Shed light on the topic: New exhibition of Niamh Barry's light sculptures

Propulsion is made with mirrored polished hand forms, solid bronze light sculpture and opal glass and LEDs.

A design retrospective informed by transatlantic journeys, serendipitous meetings, recession, and a whole host of plot twists launches next week at the National Museum of Ireland, writes Carol O’Callaghan.

Everything comes to those who wait, a wise person once said. For Jennifer Goff, curator of a new exhibition which opens on Friday, November 30 at the National Museum of Ireland, it took 10 years.

The focus of the exhibition called Light on Earth forms a retrospective on the career to date of Irish artist and designer Niamh Barry, whose work with light sculpture using bronze and LED technology from the earliest days of its development has made her name internationally.

Light artist and designer Niamh Barry with her first piece Fouette.

But it was 10 years ago when Jennifer was lecturing in America that she first came across Niamh who was making her name abroad.

“Everyone was talking about her and how she was using this LED technology in a groundbreaking way,” says Jennifer.

“I saw her initial piece, Fouette, and wanted it for the National Museum of Ireland’s collection, but recession hit and money was tight.”

At the same time Niamh had become a regular on the commercial design exhibition circuit, and the most prestigious and carefully curated ones at that, picking up gallery representation from the likes of Todd Merrill, and later Maison Gerard in New York and Sarah Myerscough in London along the way.

Born in Dublin and, having trained in ceramics at the National College of Art and Design, her career, initially, took off on a very different tangent.

“I worked in film and television and art direction and lighting and learned a huge amount about how to deal with craftspeople, delegating and lighting,” she says. “But a few years of that and I was drawn to sketching and wanted a voice of my own.”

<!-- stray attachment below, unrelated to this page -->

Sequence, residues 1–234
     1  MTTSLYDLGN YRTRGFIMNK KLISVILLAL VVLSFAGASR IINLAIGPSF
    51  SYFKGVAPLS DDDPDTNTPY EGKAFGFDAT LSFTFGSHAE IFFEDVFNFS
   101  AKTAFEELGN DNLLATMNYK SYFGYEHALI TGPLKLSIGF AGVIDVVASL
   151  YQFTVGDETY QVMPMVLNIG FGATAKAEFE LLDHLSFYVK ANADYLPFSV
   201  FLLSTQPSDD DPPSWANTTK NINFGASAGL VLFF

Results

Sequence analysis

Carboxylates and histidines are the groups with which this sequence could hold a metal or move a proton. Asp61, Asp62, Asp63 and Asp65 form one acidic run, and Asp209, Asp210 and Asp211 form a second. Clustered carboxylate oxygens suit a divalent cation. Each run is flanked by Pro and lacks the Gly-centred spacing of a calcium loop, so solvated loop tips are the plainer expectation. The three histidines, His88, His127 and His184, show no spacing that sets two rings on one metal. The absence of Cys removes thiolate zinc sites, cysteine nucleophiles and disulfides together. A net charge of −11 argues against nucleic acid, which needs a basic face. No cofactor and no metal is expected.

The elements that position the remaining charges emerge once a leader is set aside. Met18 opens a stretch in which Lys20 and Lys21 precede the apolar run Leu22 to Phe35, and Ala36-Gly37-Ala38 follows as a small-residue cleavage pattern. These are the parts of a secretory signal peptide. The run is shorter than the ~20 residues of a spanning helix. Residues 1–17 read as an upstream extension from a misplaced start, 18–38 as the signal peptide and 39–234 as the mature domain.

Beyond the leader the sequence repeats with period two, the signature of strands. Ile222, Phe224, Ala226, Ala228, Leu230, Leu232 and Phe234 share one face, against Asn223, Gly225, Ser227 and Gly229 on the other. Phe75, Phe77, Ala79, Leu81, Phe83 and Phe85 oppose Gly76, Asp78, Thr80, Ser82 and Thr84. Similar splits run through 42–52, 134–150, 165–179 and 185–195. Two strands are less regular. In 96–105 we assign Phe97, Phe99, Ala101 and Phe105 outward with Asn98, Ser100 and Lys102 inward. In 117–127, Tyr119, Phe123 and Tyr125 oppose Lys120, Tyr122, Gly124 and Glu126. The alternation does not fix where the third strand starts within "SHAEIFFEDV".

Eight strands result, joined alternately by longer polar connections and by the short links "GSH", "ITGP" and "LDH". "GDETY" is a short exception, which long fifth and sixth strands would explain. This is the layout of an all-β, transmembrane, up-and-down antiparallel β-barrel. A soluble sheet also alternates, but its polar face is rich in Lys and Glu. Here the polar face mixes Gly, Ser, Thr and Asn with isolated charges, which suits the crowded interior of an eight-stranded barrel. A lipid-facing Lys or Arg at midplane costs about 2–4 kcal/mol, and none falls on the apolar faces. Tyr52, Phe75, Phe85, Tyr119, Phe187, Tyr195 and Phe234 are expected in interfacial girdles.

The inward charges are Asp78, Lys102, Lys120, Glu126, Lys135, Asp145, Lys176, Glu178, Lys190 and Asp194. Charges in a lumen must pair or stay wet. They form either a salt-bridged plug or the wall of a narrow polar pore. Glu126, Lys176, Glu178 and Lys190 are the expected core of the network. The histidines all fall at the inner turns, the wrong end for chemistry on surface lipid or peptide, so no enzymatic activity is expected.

Gesture II is a mirror polished, hand-formed solid bronze light sculpture, with opal glass mosaic and LEDs.

This change produced a range of handmade lamps, followed by an approach by the Merrion Hotel to make bespoke pieces, and from there to working on commercial lighting for top hotels in Ireland and abroad.

But it was in the quiet periods during the recession years which fuelled new ideas, giving Niamh a chance to reflect and focus on sculptural pieces which took her work in a new direction.

By 2016, and with an established commercial and private client list, and a reputation for making bronze LED light sculptures, the quality of which means they take hundreds of hours to produce, Jennifer Goff re- entered the picture. “I was at the Salon Art & Design Fair in New York and saw Niamh’s work there. It was incredible, and to see the reaction of New Yorkers to it.”

What followed was a series of meetings between the two women at Niamh’s studio in Lusk, Co Dublin.

“I noticed straight away that she still had Fouette,” says Jennifer, “and sketches and models of her work over the years. Designers never see the value in these, they focus on the finished product, but I started to see an exhibition with these evolve.”

Two years on and the exhibition is now a reality, showing eight major pieces, 20 sketch models and two Perspex models, plus a programme of lectures, workshops and a conference on women in design due to take place next year.

Unusual though it is for someone at this stage of their career to have a retrospective as they are, by definition, a look back over the entire career of an artist, it’s an acknowledgement of Niamh’s body of work, her innovation and the reputation she has built in the last decade.

But for Jennifer, there was additional motivation for mooting the exhibition two years ago. “We don’t want the same mistake that we had with Eileen Gray, where she was largely unknown here but celebrated internationally,” says Jennifer.

Wall vessels made with hand raised mirror polished, patinated and brushed solid bronze light installation with LEDs.

Niamh, herself, sees the exhibition as a marker in her career, and one of which she is proud as it’s the first time she has shown her work in her home country and a first anywhere in a museum setting.

As for Fouette, the light which Jennifer tried to acquire for the museum all those years ago, she now has the satisfaction of seeing it as part of the exhibition. Fouette will remain at the National Museum of Ireland as part of our national collection, thanks to the considerable generosity of Niamh Barry. You see, everything really does come to those who wait.

- Light on Earth, a retrospective on the work of designer Niamh Barry at the National Museum of Ireland. 30 November 2018 – December 2019. Admission free.

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